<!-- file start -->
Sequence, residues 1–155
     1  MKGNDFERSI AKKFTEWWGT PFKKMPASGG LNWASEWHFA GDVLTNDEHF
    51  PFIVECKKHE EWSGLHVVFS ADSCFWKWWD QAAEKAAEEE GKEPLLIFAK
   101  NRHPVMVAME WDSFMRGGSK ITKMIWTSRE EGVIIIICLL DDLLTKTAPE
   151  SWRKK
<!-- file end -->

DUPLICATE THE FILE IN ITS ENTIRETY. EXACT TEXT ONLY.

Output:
Sequence, residues 1–155
     1  MKGNDFERSI AKKFTEWWGT PFKKMPASGG LNWASEWHFA GDVLTNDEHF
    51  PFIVECKKHE EWSGLHVVFS ADSCFWKWWD QAAEKAAEEE GKEPLLIFAK
   101  NRHPVMVAME WDSFMRGGSK ITKMIWTSRE EGVIIIICLL DDLLTKTAPE
   151  SWRKK